Farrah Gomez was studying business when she drove by a school in West Texas and had an epiphany. “I saw all of the children lining up with...
Farrah Gomez was studying business when she drove by a school in West Texas and had an epiphany. “I saw all of the children lining up with their backpacks. I knew at that moment I had it wrong. Teachers always were the most influential people in my life,” she recalls. After that life-changing moment, she switched majors and now has been in education for 19 years.
Her latest role is as principal of Robert E. Lee Middle School in San Angelo, Texas. Her school is part of Middle School Matters, a Bush Institute education program focused on the middle grades. The 1,000-person student body, which is nearly 60 percent economically disadvantaged, is like most middle schools. The students are caught between being a child and a teenager, as Gomez puts it.
They also face educational challenges, which is why Gomez sought out the Middle School Matters program. This week in Austin, she is participating in a Middle School Matters conference along with two school teams from San Angelo ISD and a team from her district that is focused on improving middle schools. In this interview, she discusses the middle grades, her role as a principal, and applying research-based strategies in the classroom.
Middle grades are a unique period in students’ lives. As an educator, what do you think makes it so unique?
Middle school is the bridge between elementary and high school, so it is a challenging time for parents and students. Organizational skills and time management can determine success beyond educational abilities. Students also are caught between being a child and a teenager. One minute they want to be kids and the next they are worried about fashion and relationships. They need much support, especially social and emotional.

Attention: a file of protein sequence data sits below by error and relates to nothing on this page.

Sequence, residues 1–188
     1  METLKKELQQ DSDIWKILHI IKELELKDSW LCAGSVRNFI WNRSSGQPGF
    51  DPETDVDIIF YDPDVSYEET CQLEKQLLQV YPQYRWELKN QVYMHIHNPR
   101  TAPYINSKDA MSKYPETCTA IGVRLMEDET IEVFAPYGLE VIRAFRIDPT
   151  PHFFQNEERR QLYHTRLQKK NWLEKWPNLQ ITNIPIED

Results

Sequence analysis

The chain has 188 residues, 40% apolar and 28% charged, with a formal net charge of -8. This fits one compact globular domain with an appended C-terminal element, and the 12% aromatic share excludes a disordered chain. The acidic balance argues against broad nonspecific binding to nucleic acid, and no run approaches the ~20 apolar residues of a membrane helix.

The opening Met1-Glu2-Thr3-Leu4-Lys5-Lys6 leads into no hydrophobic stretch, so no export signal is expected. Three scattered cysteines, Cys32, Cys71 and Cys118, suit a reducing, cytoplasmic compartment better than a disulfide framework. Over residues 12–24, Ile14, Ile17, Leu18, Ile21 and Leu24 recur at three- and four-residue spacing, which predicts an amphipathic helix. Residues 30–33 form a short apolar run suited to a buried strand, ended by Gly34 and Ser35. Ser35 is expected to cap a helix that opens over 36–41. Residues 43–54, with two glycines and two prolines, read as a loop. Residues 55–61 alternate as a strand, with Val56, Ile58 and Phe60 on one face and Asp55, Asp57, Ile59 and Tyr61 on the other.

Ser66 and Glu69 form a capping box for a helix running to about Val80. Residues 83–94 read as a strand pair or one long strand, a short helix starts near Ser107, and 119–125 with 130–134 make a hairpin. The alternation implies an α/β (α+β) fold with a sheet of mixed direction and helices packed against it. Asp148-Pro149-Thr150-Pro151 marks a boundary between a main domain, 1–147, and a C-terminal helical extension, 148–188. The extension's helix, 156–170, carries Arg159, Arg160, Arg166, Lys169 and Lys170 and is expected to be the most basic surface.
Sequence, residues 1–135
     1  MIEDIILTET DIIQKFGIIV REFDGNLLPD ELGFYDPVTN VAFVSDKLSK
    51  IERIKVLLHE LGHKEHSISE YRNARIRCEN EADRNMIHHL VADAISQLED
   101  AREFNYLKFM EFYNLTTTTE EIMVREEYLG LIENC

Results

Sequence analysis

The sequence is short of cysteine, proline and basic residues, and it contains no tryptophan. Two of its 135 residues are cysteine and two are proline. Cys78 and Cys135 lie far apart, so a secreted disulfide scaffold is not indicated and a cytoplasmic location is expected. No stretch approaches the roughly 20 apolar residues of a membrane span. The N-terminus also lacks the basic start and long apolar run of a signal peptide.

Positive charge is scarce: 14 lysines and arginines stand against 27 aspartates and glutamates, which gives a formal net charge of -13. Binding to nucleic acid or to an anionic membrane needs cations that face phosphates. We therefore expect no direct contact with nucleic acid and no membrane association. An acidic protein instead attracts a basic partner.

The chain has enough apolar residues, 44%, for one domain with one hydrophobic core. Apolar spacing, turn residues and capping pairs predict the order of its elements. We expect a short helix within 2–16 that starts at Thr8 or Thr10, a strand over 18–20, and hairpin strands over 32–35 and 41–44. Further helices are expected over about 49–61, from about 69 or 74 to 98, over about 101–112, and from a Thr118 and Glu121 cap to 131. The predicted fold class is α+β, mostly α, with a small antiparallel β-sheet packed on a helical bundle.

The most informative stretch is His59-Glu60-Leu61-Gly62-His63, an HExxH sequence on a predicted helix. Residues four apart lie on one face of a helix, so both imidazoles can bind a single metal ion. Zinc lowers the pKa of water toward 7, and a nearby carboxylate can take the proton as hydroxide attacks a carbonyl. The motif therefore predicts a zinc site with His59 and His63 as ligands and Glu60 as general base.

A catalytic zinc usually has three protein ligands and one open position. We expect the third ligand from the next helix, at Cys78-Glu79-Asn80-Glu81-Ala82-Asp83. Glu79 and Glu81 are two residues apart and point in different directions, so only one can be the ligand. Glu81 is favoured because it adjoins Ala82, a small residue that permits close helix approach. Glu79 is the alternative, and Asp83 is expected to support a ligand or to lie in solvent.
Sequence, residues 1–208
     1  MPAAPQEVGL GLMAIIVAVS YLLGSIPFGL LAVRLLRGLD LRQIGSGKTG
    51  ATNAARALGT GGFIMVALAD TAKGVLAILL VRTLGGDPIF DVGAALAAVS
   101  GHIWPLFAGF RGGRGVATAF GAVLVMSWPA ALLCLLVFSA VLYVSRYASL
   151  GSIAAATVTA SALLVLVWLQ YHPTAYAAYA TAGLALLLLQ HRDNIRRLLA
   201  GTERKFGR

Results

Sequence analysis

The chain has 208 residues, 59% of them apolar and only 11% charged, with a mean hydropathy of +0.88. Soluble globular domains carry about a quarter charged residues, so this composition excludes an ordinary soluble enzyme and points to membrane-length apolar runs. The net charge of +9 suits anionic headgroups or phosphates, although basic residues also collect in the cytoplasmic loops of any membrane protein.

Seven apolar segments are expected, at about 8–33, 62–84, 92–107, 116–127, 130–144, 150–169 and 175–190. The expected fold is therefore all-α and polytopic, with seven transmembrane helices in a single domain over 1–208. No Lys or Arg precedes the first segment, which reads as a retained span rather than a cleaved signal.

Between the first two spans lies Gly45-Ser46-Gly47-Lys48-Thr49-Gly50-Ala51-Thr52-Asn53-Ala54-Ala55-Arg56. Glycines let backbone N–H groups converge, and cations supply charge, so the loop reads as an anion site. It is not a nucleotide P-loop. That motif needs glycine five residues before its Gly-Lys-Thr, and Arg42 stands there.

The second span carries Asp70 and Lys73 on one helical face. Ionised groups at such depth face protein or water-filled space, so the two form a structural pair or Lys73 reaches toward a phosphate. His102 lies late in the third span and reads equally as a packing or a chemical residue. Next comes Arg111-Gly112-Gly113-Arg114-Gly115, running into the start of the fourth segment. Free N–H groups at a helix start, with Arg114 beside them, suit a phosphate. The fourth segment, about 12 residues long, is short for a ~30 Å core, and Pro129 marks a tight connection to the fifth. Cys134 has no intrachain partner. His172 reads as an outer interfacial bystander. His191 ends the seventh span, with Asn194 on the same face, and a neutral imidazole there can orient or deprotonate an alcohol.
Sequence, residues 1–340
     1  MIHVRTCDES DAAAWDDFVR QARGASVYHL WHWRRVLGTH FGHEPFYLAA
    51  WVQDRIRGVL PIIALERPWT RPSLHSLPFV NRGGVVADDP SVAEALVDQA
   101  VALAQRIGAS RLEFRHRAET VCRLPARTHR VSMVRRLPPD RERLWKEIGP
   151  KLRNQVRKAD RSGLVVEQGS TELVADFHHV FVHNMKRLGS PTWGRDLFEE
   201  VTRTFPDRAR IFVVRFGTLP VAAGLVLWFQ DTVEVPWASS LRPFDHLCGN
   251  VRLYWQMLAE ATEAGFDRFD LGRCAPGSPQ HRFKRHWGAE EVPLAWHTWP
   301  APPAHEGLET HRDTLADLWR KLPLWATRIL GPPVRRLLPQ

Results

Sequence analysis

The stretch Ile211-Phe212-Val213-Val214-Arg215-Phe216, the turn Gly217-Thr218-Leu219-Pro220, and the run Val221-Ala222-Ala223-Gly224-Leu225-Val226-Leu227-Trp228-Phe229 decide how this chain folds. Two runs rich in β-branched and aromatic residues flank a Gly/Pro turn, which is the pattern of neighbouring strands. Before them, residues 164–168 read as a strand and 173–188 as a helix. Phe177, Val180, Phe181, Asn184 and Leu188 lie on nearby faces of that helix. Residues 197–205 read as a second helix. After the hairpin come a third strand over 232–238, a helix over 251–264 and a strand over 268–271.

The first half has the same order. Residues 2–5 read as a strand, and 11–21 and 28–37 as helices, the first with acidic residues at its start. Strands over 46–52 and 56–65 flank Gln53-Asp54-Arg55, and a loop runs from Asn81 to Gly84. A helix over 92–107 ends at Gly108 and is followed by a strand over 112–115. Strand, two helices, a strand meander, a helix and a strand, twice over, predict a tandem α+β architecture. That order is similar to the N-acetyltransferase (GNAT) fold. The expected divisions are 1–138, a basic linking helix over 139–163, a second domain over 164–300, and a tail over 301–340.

Being a middle school principal also is unique. What’s the best part?
The principalship at any level is demanding, but much more rewarding. As a principal you get to work with teachers, students, parents, and other staff to build a partnership to help your students succeed. Middle school students are experiencing a multitude of changes and you witness them struggle first-hand to decide which road they are going to travel down. I truly believe that middle school is the most crucial part of a student’s school career, as it sets the tone for high school and beyond. Friends change, interests change, and the impact of school determines positive or negative choices they will experience.
How did you find out about Middle School Matters?
Initially, we found out about MSM through the internet. This prompted our curiosity and led us to do research of our own. After doing so, we were eager to improve our practices and be a part of MSM to get research-based practices to improve instruction during the critical middle school years and increase student success beyond middle school and on through high school and postsecondary.
How many teachers are there at Robert E. Lee and how many apply MSM techniques?
Lee Middle School has 58 teachers. All of them have been trained in MSM techniques for academic vocabulary and effective writing strategies. As an example, math teachers worked with MSM on math manipulatives and math interventions.
What improvements have you seen?
The campus-wide implementation of the A,B,Cs has made students accountable for their attendance, behavior, and course performance. We have had friendly competitions between grade levels and classrooms in those grade levels. We tied this with our campus MVPs to recognize students.
One of my favorite examples is when one of our 7th grade LEP students was required to write a reflection on what it took to be successful at Lee MS. He stated, “You have to know your A,B,Cs. Not like elementary A,B,Cs, but your attendance, behavior, and course performance and don’t forget your Gs- goals.” This summarized the mission we have articulated all year with our kids.